Kivu Express [Fr] celebrates Bukavu's heritage of architecture from the last days of Art Deco with a series of photographs of buildings around town. They're all slightly mouldy these days, but still remind him of a time when Bukavu was declared “the most beautiful town in Africa”.
Commenting on the post, a resident of Bukavu in the 50s agrees that it was at least one of the most beautiful towns in Congo, and says the photo above gives a strong impression of what it was like back then.
Don and Marsha of Congo Chatter have a detailed post on ‘how things are sold’ in Kinshasa. Whether you're looking for a European used car, a Coke bottle full of diesel, a walking stick, a football, a 10 cent bag of drinking water, a hard-boiled egg, a bunk-bed or a full sofa suite, it's all right there on the side of the road:
Wanna buy a used car? There aren't more than 4 or 5 car dealerships in Kinshasa, and not one of these has a used car department of any consequence. Most used cars are sold off of “used car lots” along the side of the road. Here's a used car dealership alongside Mulumba Blvd. — each morning about 50 or 60 cars appear alongside the road — there are occasional lookers and buyers, and then at night all the cars get driven somewhere to be stored overnight. Almost all the used cars here come from Europe, and still have their identifying European country sticker on them — “B” for Belgium; “F” for France; “CH” for Switzerland; “D” for Denmark, etc. Someone buys them in Europe and ships them down here. The process of licensing, registering, reporting sales to the government, sales tax — no clue what happens. But the inventory always changes and cars are being sold from under the trees.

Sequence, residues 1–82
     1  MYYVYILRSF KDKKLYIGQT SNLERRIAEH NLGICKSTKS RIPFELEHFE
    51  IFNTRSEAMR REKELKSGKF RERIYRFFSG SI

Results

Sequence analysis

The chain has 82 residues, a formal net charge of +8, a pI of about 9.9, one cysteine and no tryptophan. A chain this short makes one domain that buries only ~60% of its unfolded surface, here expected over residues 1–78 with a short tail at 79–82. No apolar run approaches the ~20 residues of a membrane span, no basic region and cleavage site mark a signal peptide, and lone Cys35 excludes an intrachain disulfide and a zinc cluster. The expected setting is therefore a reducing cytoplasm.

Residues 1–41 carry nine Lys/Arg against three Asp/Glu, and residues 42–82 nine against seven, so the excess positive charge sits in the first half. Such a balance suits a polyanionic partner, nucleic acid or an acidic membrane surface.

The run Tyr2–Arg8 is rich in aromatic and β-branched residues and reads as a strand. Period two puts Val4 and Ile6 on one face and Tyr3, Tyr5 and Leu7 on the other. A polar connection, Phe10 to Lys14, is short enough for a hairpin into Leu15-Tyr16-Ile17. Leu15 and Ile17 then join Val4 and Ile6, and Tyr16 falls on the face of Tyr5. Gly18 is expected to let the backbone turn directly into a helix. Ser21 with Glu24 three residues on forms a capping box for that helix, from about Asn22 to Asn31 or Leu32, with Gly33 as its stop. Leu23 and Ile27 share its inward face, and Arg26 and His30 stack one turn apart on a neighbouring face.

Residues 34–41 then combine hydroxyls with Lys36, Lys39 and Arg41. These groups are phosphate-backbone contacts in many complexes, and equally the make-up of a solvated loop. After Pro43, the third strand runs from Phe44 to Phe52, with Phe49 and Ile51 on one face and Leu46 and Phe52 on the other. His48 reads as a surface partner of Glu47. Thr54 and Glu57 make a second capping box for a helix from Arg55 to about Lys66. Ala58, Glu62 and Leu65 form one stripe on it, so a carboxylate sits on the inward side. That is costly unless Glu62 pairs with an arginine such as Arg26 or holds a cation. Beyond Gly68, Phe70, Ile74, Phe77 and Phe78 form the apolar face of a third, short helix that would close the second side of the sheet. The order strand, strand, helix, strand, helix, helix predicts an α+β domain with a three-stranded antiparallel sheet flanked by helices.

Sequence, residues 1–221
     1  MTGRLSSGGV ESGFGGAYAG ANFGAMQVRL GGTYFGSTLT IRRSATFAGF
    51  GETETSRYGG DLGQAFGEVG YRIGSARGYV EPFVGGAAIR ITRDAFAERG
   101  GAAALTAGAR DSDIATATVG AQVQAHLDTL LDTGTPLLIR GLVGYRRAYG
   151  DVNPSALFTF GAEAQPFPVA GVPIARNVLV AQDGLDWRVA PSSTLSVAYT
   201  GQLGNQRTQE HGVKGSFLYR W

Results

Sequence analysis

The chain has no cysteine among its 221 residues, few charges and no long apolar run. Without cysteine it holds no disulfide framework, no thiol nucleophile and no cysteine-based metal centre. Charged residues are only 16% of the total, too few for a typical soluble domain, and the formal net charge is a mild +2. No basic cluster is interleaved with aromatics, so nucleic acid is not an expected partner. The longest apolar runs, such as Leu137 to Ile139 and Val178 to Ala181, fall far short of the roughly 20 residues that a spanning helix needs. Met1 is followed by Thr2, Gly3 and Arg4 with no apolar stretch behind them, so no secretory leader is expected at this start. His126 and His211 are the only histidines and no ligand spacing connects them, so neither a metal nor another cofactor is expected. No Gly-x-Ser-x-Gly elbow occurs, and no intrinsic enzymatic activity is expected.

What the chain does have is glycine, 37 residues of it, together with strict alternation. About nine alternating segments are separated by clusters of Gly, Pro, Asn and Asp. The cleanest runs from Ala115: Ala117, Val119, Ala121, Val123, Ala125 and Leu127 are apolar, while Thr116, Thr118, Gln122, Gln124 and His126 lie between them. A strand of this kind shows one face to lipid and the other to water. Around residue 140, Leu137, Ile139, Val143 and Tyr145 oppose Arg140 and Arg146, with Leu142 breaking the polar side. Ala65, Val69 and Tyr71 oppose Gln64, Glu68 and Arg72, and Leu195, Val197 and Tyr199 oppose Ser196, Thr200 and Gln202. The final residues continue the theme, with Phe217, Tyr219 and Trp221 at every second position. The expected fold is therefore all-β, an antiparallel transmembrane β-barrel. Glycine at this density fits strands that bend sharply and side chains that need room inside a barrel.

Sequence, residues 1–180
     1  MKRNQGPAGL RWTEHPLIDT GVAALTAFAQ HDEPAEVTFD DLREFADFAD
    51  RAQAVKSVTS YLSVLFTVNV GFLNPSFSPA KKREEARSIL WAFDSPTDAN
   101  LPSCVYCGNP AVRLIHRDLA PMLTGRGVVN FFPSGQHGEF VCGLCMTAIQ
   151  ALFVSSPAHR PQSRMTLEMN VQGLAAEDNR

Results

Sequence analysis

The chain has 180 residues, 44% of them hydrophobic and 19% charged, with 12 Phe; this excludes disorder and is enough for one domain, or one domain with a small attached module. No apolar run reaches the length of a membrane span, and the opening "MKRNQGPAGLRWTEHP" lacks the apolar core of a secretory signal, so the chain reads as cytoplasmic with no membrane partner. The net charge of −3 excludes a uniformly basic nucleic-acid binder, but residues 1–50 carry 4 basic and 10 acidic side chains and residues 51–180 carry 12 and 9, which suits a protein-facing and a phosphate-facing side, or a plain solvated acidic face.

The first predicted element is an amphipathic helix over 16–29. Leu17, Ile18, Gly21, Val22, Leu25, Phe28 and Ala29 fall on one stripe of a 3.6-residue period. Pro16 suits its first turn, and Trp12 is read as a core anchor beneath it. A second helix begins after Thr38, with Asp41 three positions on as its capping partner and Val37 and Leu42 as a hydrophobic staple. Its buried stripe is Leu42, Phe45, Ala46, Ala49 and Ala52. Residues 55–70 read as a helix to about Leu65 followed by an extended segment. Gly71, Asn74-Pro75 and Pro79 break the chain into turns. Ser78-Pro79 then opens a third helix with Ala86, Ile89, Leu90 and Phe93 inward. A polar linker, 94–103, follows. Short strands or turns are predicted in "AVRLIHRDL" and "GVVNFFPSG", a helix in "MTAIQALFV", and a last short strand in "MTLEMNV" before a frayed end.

Cédric‘s [Fr] neighbour's handyman has invented the most cost-effective automatic closing gate you're likely to find anywhere.
Finally, Le Congo C'est Là [Fr] has a handy guide to identifying ‘un vrai Z’ in the Diaspora (Z for Zaireois, that is). It seems you're a real Z if, among other things:
- you always dress in flashy colours
- you keep your D&G label to show its authenticity
- you always fly with excess baggage but get angry when asked to pay for it…
- …and you always take some Pondu (Cassava leaves) with you, even though it's sold everywhere these days